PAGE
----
The Mahabharata of Krishna-Dwaipayana Vyasa, Volume 2 eBook

This eBook from the Gutenberg Project consists of approximately 2,393 pages of information about The Mahabharata of Krishna-Dwaipayana Vyasa, Volume 2.
countries, and also the languages of different nations, and of the usages of different orders of men, knoweth at once all that is high and low; and wherever he may go, he is sure to gain an ascendancy over even those that are glad.  The intelligent man who relinquisheth pride, folly, insolence, sinful acts, disloyalty towards the king, crookedness of behaviour, enmity with many, and also quarrels with men that are drunk, mad and wicked, is the foremost of his species.  The very gods bestow prosperity upon him who daily practiseth self-restraint, purification, auspicious rites, worship of the gods, expiatory ceremonies, and other rites of universal observance.  The acts of that learned man are well-conceived, and well-applied who formeth matrimonial alliances with persons of equal positions and not with those that are inferior, who placeth those before him that are more qualified, and who talketh, behaveth and maketh friendships with persons of equal position.  He who eateth frugally after dividing the food amongst his dependants, who sleepeth little after working much, and who, when solicited giveth away even unto his foes, hath his soul under control, and calamities always keep themselves aloof from him.  He whose counsels are well-kept and well-carried out into practice, and whose acts in consequence thereof are never known by others to injure men, succeedeth in securing even his most trifling objects.  He who is intent upon abstaining from injury to all creatures, who is truthful, gentle, charitable, and pure in mind, shineth greatly among his kinsmen like a precious gem of the purest ray having its origin in an excellent mine.  That man who feeleth shame even though his faults be not known to any save himself, is highly honoured among all men.  Possessed of a pure heart and boundless energy and abstracted within himself, he shineth in consequence of his energy like the very sun.  King Pandu consumed by a (Brahmana’s) curse, had five sons born unto him in the woods that are like five Indras.  O son of Ambika, thou hast brought up those children and taught them everything.  They are obedient to thy commands.  Giving them back their just share of the kingdom, O sire, filled with joy, be thou happy with thy sons.  Then, O monarch, thou shalt inspire confidence in both the gods and men.’”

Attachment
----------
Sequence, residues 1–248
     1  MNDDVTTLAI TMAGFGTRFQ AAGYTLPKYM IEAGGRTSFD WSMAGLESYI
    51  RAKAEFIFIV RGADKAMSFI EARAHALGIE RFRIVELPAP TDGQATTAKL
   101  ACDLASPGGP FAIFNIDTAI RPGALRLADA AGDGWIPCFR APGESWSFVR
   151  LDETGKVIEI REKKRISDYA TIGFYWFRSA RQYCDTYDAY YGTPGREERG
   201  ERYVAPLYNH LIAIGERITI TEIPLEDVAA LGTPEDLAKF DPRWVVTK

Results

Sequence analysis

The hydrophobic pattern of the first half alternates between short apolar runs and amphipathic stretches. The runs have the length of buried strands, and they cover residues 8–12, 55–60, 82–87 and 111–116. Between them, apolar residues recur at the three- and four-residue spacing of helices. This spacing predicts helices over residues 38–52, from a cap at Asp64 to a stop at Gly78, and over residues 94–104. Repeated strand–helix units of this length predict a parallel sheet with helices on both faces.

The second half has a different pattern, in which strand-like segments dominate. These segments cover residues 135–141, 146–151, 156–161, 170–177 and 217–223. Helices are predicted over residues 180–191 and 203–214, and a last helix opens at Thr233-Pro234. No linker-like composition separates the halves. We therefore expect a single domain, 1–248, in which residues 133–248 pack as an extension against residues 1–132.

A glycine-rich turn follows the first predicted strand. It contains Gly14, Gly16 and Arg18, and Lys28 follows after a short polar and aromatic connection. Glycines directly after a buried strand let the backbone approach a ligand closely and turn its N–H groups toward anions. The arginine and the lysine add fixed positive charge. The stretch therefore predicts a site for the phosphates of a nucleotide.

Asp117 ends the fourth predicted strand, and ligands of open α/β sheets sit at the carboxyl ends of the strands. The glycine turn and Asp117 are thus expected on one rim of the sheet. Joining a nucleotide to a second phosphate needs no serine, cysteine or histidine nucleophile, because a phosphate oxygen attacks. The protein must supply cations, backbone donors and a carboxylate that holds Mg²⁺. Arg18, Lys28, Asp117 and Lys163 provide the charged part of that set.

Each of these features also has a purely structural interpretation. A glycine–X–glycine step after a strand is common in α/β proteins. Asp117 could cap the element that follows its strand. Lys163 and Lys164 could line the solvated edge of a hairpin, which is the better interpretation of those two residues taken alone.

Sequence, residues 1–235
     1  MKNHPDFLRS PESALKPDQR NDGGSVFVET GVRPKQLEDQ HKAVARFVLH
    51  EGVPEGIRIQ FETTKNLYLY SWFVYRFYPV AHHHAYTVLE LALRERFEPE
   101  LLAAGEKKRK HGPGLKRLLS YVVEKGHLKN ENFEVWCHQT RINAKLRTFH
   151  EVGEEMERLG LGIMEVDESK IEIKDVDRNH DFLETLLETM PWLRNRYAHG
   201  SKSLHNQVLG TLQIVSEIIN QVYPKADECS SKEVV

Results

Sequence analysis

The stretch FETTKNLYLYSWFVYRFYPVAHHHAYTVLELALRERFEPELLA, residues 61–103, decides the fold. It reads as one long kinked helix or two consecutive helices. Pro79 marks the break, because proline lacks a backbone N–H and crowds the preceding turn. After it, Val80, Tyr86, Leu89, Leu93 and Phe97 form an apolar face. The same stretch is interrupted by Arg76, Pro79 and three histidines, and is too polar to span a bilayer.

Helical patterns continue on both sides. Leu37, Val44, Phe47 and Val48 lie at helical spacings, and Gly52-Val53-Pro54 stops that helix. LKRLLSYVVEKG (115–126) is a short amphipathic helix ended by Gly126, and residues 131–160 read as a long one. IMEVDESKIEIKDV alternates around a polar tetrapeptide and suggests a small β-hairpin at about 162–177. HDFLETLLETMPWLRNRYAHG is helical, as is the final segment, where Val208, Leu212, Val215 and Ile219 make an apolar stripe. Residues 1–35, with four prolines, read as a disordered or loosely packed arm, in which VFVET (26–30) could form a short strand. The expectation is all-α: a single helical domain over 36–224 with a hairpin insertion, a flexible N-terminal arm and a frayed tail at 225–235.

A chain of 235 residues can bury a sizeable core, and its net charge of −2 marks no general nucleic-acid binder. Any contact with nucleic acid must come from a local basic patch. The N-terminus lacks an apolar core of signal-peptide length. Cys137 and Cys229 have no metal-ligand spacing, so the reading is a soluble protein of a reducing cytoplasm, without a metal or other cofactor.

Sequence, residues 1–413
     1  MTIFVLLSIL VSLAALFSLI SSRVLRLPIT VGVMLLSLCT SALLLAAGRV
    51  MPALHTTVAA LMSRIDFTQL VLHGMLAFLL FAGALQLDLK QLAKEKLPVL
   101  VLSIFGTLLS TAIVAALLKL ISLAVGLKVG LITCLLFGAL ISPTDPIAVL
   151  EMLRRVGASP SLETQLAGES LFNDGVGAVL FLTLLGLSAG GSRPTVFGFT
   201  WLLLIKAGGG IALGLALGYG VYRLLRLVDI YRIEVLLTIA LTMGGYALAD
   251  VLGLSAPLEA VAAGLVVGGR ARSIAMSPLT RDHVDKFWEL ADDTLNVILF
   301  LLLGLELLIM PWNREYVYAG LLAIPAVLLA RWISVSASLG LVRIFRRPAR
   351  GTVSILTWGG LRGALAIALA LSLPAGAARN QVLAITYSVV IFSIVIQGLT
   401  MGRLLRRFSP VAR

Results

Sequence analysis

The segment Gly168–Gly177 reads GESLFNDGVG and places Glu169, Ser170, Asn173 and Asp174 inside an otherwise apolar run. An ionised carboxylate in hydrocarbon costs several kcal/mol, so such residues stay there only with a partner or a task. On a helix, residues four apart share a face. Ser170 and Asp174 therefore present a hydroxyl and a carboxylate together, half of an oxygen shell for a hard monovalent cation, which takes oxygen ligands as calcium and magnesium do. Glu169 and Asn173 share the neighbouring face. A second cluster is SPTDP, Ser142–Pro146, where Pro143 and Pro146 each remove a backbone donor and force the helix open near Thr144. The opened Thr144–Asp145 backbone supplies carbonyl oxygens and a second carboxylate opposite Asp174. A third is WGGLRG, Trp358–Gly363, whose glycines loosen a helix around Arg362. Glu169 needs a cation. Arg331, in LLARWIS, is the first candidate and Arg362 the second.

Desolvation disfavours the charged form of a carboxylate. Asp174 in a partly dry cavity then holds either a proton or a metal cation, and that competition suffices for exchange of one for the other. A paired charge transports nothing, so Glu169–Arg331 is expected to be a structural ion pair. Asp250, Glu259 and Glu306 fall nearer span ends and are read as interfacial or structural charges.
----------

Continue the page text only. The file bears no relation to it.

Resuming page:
“Dhritarashtra said, ’Tell me what may be done by a person that is sleepless and burning with anxieties, for thou alone amongst us, O child, art versed in both religion and profit.  Advise me wisely, O Vidura.  O thou of magnanimous heart, tell me what is thou deemest to be beneficial for Ajatasatru and what is productive of good to the Kurus.  Apprehending future evils.  I look back only on my previous guilt:  I ask thee with anxious heart, O learned one, tell me what is exactly in Ajatasatru’s mind,’

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The Mahabharata of Krishna-Dwaipayana Vyasa, Volume 2 from Project Gutenberg. Public domain.
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